[I'm afraid the internet has deleted this game. It was game 3912 on chesspublisher.com]
Anyway, that is one way that coaching others helped me: the sheer fact of having to try to explain chess concepts forced me to rethink them afresh, and in doing so I discovered various problems of my own.
However, there is a second way that coaching others teaches us something. That is, in doing so we get to see errors-in-action at a simpler level, and so we come to understand our own problems better. There is something of a Russian Dolls structure at work in chess, where the errors of a novice are simple versions of the errors Grandmasters make. Sometimes we can learn more about the nature of errors in chess by looking at them in miniature rather than at massive scale. This is something coaching provides. It is easy to imagine various plausible lessons one might take home from coaching that fit into this picture: you can see players play positionally well, but collapse amidst tactical complications. You see opening specialists play perfectly until the middlegame, when they fall apart. And so on. My point is that we are familiar with all sorts of errors in chess, but by trying to really help someone sort out theirs, we get a far better feeling for what those errors really are and how difficult they are to overcome. And in doing so, we can turn our learning back on ourselves. In tomorrow's piece about advice I intend to provide an example of this. (I consider advice linked to coaching, but different.)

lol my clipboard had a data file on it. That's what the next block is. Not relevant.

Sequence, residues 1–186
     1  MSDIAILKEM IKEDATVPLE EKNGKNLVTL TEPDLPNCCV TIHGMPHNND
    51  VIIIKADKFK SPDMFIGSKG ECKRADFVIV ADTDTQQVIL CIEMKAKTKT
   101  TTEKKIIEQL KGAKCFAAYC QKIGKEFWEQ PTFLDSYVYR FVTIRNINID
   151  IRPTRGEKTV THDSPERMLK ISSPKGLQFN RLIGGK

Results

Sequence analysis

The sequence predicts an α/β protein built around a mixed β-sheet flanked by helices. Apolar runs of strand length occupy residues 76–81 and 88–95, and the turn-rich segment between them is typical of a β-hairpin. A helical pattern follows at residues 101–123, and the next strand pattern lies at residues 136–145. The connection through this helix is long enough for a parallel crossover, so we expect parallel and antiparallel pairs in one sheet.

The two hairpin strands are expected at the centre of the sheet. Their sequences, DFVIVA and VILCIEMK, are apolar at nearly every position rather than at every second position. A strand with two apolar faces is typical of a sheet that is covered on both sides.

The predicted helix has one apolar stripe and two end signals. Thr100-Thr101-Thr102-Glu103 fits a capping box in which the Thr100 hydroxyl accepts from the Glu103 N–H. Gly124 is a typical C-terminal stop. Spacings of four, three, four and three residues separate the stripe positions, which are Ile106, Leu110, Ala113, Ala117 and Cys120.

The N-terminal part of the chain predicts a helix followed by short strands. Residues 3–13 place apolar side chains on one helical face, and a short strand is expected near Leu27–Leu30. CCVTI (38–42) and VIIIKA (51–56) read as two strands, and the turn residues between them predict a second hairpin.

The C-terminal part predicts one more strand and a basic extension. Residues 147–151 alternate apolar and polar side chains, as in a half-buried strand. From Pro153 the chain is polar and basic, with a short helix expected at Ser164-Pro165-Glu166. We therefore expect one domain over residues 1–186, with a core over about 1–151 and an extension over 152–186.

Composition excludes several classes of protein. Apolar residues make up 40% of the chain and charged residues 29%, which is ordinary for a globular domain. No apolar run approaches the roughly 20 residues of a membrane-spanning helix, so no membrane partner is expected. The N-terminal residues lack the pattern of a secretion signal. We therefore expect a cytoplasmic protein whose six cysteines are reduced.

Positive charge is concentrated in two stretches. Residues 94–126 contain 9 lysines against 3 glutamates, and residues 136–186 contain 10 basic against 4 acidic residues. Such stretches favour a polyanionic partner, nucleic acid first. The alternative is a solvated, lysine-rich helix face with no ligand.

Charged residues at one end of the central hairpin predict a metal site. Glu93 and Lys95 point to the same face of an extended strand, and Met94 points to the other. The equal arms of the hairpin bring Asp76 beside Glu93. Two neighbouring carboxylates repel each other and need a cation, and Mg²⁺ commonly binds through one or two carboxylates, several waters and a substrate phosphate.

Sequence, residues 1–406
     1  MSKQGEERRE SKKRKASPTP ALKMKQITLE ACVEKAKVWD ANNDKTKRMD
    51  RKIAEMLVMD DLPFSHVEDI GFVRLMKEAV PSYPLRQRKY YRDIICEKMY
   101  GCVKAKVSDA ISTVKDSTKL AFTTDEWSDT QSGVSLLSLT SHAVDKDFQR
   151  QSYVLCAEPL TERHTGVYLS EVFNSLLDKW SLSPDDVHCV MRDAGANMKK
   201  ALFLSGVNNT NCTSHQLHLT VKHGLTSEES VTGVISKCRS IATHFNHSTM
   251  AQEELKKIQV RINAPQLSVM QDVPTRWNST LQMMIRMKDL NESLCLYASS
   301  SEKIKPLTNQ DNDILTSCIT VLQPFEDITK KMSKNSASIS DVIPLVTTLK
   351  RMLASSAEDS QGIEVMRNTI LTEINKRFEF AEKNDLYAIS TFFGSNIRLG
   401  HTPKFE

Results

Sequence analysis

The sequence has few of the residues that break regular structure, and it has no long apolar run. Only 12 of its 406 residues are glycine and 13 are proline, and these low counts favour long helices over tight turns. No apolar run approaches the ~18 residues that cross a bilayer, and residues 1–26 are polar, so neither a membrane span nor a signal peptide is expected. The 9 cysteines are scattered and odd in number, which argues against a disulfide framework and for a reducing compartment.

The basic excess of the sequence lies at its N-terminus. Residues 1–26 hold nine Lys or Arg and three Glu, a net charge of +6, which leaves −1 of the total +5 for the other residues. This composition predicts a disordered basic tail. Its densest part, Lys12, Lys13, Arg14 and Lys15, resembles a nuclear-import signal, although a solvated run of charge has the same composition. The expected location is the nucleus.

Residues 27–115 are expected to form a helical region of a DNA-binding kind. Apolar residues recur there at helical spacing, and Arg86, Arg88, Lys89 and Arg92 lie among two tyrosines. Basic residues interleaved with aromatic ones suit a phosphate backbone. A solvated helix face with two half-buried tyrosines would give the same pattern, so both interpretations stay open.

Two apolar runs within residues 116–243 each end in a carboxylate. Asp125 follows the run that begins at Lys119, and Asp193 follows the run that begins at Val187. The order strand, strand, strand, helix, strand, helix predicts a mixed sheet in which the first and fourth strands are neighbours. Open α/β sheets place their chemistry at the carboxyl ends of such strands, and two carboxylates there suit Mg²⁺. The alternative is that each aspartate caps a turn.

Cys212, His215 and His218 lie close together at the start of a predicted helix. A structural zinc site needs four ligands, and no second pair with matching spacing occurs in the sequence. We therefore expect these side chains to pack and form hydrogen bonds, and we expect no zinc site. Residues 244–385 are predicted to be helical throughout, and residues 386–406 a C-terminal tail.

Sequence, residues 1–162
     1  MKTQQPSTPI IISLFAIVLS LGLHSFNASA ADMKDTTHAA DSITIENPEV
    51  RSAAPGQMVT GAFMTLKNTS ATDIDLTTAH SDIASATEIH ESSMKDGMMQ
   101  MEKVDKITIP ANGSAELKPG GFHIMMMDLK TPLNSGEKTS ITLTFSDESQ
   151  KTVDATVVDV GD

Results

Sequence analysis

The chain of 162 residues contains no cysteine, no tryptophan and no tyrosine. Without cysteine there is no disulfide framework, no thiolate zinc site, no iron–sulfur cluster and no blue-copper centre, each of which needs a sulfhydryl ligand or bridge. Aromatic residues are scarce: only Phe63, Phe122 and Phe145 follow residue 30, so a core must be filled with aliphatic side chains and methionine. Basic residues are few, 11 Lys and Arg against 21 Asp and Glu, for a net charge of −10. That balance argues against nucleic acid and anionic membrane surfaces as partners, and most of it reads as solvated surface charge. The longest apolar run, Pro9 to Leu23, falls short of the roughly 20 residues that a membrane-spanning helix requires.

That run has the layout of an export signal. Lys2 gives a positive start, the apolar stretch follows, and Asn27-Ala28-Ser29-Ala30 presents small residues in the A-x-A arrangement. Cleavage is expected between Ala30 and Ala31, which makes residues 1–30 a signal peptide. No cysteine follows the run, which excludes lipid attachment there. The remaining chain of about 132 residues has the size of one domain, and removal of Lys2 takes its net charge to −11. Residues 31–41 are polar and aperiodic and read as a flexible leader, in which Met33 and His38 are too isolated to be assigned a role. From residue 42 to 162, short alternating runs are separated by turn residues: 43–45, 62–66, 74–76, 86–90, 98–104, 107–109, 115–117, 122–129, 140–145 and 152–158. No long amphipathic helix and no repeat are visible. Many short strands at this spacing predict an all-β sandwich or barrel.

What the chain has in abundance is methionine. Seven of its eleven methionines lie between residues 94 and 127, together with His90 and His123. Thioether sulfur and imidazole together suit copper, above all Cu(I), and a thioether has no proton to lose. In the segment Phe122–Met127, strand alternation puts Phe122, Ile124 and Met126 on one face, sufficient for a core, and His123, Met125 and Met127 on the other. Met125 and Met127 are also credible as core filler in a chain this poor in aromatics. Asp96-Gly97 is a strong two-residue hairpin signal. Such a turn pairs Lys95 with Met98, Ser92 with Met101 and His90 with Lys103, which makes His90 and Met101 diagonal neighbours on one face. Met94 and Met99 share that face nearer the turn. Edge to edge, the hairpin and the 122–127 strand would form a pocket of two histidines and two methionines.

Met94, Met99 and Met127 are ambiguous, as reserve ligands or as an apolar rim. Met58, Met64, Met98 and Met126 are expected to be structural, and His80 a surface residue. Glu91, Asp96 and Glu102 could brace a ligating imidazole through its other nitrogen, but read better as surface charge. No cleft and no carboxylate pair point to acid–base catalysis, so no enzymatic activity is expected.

So, my conclusions for today are:
- because chess coaching is extremely difficult to do successfully, the coach gets to rethink his or her own chess, and thus discover things to improve
- because during chess coaching the coach witnesses simpler versions of errors they make, they come to better understand their own problems in chess
- sometimes - perhaps more often than not - chess improvement will happen entirely by accident; I did not try to coach others with the intention of improving my own game at the expense of theirs.